• Wait at least two weeks after bleaching, relaxing, or perming your hair before using hair dye.

Hair dye shouldn’t be used to treat lice in children unless recommended by a healthcare provider. 

Other Methods For Killing Lice

FDA-approved treatments[11] for head lice include over-the-counter and prescription medications in shampoo, deep conditioner, and lotion formulas. OTC lice treatment kits like Rid and Nix[7] are commonly recommended and can be purchased at most drug stores.

Rid contains pyrethrins, which are only approved for use in children over the age of two. Nix contains permethrin and is approved for use in children two months and older.

One 2016 randomized control trial found that, while permethrin shampoo was more effective, combining coconut oil and vinegar[12] may be an effective alternative treatment for head lice.

Prescription medications may be considered if OTC treatments have been used according to instructions without success.

To prevent re-infestation after treatment:

  • Wash clothing, bedding, hats, and other items that the infested person used during the two days before treatment.
  • Soak brushes and combs in hot water for five to ten minutes.
  • Vacuum the floor and furniture, focusing on the areas where the infested person sat or slept.
  • Don’t forget to clean the inside of the car.

Other natural methods, such as mayonnaise, olive oil, margarine, and butter, are believed to kill lice by suffocation. However, there is no solid evidence[13] to confirm these effects

If you need help deciding which treatment to use or how to use it, consult a healthcare provider or pharmacist for guidance. It is also a good idea to consult your healthcare provider if you are pregnant, breastfeeding, or need to treat a young child.


So, does dying hair kill lice?

While some people claim that hair dye kills lice, no clinical studies confirm these claims. Hair dye contains certain chemicals like ammonia and hydrogen peroxide that may kill head lice. However, hair dye chemicals alone are unlikely to kill lice eggs called nits.

If you are looking for an effective head lice treatment, consider options that are FDA-approved and supported by scientific evidence. If you decide to use hair dye for lice removal, use a lice comb to remove lice and nits both before and after applying the dye.

+ 13 sources

Health Canal avoids using tertiary references. We have strict sourcing guidelines and rely on peer-reviewed studies, academic researches from medical associations and institutions. To ensure the accuracy of articles in Health Canal, you can read more about the editorial process here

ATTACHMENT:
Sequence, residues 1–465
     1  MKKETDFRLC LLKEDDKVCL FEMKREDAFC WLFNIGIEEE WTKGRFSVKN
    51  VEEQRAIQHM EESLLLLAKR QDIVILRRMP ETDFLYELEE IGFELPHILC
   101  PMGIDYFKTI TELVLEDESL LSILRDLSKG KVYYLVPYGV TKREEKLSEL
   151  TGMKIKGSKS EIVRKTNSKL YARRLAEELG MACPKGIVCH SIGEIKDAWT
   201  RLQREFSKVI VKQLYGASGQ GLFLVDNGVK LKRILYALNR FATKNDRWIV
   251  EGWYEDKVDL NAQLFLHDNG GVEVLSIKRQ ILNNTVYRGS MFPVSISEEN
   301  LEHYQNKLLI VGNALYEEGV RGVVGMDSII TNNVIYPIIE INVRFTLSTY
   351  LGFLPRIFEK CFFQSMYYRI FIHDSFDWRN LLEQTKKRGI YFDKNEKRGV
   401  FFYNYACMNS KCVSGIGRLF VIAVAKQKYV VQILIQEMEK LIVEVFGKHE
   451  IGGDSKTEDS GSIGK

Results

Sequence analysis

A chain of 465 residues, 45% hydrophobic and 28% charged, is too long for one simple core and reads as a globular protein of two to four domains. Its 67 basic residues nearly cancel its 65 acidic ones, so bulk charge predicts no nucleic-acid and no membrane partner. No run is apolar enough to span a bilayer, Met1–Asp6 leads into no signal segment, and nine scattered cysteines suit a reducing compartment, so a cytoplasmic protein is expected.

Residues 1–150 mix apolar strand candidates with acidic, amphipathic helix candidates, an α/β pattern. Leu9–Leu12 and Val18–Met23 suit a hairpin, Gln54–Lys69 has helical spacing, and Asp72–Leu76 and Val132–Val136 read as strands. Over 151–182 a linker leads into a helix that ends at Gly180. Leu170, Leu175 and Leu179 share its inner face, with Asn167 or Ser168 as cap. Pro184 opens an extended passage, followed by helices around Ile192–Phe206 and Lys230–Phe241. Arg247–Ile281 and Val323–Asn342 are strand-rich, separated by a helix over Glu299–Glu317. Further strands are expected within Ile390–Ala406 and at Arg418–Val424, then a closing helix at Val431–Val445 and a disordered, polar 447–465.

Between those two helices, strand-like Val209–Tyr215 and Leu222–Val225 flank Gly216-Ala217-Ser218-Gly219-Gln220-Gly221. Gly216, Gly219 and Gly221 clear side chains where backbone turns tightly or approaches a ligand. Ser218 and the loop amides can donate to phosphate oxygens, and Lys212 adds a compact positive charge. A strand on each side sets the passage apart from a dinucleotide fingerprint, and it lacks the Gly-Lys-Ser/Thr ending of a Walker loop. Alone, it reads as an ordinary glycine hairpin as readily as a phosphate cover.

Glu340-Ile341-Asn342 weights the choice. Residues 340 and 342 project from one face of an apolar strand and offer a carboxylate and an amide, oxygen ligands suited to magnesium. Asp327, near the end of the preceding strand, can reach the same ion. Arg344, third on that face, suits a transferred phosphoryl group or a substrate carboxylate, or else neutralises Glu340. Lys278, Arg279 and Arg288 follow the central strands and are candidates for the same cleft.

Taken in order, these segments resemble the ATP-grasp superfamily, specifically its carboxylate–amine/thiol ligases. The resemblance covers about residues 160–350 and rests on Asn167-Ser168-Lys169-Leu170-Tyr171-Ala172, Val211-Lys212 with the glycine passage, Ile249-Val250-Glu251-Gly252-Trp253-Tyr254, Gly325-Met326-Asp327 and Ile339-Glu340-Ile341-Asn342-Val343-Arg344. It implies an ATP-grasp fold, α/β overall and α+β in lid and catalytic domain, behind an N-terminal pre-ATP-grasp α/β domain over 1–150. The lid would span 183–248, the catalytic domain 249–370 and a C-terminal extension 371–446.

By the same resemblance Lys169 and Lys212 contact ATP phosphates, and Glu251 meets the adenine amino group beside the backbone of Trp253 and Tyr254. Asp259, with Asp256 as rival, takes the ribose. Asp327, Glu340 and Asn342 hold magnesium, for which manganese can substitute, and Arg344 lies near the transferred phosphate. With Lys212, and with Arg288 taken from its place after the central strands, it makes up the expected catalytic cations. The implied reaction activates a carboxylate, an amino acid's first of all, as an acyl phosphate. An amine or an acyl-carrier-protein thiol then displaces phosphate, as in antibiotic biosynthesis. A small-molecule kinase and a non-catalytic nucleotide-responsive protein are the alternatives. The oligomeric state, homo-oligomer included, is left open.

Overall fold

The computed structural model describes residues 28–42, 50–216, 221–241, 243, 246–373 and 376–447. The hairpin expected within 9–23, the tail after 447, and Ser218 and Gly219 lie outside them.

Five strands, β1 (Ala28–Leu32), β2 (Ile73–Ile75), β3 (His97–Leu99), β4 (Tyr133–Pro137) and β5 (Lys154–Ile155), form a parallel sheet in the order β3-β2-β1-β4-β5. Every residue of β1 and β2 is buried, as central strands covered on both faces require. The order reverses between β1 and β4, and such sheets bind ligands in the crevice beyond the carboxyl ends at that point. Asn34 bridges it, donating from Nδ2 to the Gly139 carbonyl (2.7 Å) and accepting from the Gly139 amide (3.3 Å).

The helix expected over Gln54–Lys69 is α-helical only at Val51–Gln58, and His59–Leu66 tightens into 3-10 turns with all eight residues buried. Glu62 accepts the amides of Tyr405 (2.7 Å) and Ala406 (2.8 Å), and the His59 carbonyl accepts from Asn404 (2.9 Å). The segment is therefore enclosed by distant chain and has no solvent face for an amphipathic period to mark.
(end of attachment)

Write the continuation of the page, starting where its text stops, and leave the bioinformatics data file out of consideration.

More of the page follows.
1. Anon, (2023). CDC – Lice – Head Lice – General Information – Frequently Asked Questions (FAQs). [online] Available at:
  2. Anon, (2023). CDC – Lice – Head Lice – Biology. [online] Available at:
  3. Anon, (2023). Ammonia Solution, Ammonia, Anhydrous: Lung Damaging Agent. [online] Available at:
  4. VanIderstine, C., Poley, J.D., Whyte, S., Purcell, S.L. and Fast, M.D. (2021). Hydrogen peroxide treatment and its impacts on Lepeophtheirus salmonis originating from the Bay of Fundy, Canada. [online] doi:
  5. Cummings, C., Finlay, J.C. and MacDonald, N.E. (2018). Head lice infestations: A clinical update. [online] 23(1), pp.e18–e24. doi:
  6. Wet combing for the eradication of head lice. (2013). Australian family physician, [online] 42(3). Available at:
  7. Anon, (2023). CDC – Lice – Head Lice – Treatment. [online] Available at:
  8. (2020). Hair Dyes and Cancer Risk | American Cancer Society. [online] Available at:
  9. He, L., Freideriki Michailidou, Gahlon, H.L. and Zeng, W.-B. (2022). Hair Dye Ingredients and Potential Health Risks from Exposure to Hair Dyeing. [online] 35(6), pp.901–915. doi:
  10. Center (2022). Hair Dyes. [online] U.S. Food and Drug Administration. Available at:
  11. Office (2022). No matter how good your hygiene, you can get head lice. [online] U.S. Food and Drug Administration. Available at:
  12. Moreno-Alsasua, M. (2016). RCT of coconut oil vs coconut oil plus vinegar vs permethrin for pediculosis 4. Pediatric Infectious Diseases Society of the Philippines Journal, [online] 17(2), pp.4–13. Available at:
  13. Anon, (2023). CDC – Lice – Head Lice – General Information – Treatment FAQs. [online] Available at:
Lindsey Desoto

Medically reviewed by:

Chelsea Rae Bourgeois

Lindsey DeSoto is a Registered Dietitian Nutritionist based out of Coastal Mississippi. She earned her BSc in Nutrition Sciences from the University of Alabama. Lindsey has a passion for helping others live their healthiest life by translating the latest evidence-based research into easy-to-digest, approachable content.

Medically reviewed by:

Chelsea Rae Bourgeois